December afternoons in the city center of Oslo, Norway. The days around winter solstice have only a few hours of daylight and the longest nights of the year. Norwegians call this time of the year “mørketid”—“the time of darkness.”

From the series “Winter Solstice” © Tine Poppe. Finalist, LensCulture Street Photography Awards 2017.

In ancient times, the days surrounding the solstice were called “Yule” and worshipped for the coming reawakening of nature. The Norwegian translation of “Christmas” is “jul,” and many Christmas traditions, such as the Christmas tree, originate from ancient Yule customs.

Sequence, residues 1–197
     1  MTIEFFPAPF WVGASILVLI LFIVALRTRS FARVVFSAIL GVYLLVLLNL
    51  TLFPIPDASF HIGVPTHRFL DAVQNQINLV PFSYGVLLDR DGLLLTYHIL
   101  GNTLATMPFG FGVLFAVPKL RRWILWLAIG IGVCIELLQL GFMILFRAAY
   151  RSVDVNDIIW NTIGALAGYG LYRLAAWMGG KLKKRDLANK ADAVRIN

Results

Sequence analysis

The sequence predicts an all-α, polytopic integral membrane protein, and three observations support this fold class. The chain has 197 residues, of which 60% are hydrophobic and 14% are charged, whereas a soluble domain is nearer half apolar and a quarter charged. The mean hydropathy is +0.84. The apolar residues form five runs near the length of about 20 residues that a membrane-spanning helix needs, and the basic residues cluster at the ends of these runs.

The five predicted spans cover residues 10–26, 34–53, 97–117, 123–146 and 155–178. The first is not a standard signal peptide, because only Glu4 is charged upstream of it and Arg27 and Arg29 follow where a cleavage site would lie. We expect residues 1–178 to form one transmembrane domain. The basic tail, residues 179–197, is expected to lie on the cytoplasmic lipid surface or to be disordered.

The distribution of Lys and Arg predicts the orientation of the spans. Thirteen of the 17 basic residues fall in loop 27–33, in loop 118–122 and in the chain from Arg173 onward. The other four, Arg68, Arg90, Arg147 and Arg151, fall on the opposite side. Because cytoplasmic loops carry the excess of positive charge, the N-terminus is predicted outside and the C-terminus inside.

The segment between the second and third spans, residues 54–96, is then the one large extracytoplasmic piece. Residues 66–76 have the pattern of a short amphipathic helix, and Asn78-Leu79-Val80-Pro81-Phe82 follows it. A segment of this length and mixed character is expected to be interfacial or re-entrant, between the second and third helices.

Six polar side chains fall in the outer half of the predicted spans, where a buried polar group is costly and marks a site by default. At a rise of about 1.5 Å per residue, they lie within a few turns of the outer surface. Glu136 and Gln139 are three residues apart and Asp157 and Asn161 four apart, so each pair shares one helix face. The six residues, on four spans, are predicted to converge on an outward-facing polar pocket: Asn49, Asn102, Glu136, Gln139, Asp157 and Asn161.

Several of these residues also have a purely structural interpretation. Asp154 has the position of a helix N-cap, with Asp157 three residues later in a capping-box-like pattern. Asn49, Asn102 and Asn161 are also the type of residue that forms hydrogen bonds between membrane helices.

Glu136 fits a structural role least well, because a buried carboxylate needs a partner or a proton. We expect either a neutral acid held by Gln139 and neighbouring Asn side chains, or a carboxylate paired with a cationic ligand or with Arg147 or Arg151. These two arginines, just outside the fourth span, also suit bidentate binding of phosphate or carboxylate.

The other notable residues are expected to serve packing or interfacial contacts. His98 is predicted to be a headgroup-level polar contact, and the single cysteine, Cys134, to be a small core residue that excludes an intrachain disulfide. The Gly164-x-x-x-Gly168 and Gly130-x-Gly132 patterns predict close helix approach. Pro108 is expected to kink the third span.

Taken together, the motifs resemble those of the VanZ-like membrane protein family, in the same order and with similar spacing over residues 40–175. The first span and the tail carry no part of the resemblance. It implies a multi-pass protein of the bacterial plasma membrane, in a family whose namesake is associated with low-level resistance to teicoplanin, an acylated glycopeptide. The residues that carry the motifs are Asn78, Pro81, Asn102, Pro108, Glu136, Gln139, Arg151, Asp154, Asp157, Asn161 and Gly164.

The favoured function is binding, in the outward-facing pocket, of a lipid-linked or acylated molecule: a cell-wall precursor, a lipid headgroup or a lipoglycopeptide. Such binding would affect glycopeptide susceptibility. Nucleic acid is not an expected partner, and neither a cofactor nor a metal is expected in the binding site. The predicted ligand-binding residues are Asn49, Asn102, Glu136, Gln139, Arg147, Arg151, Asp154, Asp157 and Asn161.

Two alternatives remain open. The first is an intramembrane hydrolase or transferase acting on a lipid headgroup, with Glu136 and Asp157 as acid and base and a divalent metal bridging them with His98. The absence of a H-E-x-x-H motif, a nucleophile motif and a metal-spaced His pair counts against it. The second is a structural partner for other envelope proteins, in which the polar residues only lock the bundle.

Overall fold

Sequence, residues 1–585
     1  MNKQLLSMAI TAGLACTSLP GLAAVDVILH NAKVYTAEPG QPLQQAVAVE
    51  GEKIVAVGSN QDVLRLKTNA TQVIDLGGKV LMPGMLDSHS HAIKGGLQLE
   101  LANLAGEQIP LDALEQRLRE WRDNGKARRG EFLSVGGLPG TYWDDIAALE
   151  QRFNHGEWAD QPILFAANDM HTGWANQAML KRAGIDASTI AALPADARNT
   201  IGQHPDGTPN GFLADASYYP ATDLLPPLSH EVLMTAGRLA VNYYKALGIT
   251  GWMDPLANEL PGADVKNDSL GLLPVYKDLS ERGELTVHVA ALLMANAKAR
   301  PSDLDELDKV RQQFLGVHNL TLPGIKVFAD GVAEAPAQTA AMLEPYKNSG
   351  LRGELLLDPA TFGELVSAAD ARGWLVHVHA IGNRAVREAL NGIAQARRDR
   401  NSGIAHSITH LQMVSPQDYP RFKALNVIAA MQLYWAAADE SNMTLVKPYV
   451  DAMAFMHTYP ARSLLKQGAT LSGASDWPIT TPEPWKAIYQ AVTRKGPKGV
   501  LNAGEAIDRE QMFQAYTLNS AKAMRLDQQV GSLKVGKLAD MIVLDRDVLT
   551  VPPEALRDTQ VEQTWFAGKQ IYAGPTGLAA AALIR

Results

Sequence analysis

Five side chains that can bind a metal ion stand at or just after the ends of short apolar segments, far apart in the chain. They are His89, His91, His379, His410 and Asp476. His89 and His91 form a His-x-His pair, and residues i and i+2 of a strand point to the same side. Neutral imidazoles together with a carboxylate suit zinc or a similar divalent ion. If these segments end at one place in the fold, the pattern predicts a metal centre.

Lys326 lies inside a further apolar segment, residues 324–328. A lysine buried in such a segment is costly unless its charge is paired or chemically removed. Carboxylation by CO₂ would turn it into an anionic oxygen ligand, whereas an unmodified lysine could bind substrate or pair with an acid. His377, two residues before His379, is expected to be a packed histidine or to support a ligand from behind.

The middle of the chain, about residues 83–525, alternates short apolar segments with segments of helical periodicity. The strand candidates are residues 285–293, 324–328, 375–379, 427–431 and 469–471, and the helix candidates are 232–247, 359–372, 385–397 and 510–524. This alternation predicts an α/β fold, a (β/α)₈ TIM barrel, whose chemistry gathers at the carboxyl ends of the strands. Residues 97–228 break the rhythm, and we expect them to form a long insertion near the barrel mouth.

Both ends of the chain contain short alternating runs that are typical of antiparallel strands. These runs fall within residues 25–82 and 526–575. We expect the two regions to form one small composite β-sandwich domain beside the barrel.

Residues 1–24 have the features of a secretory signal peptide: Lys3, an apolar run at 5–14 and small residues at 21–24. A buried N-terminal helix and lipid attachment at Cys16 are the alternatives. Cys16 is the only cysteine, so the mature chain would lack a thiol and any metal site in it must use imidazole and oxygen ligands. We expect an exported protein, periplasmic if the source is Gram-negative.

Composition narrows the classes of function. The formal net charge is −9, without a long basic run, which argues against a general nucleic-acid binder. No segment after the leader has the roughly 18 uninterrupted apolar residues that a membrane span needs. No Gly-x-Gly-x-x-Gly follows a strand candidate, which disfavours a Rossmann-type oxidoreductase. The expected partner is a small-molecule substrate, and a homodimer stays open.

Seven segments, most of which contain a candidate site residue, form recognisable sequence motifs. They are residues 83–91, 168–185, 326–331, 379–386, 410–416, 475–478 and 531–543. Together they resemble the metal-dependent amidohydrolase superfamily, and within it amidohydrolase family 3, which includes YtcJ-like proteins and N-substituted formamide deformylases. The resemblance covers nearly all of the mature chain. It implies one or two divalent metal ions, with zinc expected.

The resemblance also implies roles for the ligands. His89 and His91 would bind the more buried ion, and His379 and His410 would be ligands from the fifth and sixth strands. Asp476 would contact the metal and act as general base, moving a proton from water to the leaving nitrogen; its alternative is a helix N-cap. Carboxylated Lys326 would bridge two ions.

Norwegians no longer worship the reawakening of nature around winter solstice, but sadly, rather the opposite. As the world wrestles over what they should do to keep the planet from heating up to dangerous levels, Norway remains one of the biggest oil producers in the world and hesitates to curb the expansion of its (profitable) oil and gas production. Meanwhile, raging wildfires, once-in-100-years storms, and lethal heatwaves have become part of the everyday news. And throughout the once dark wintertime, cars, lights, and furnaces burn, casting a haunting glow…

—Tine Poppe

From the series “Winter Solstice” © Tine Poppe. Finalist, LensCulture Street Photography Awards 2017.

Editors’ note: “Norway’s Time of Darkness” was singled out by the jury of the Street Photography Awards 2017. See all of the inspiring work by the 37 winners, finalists and jurors’ picks!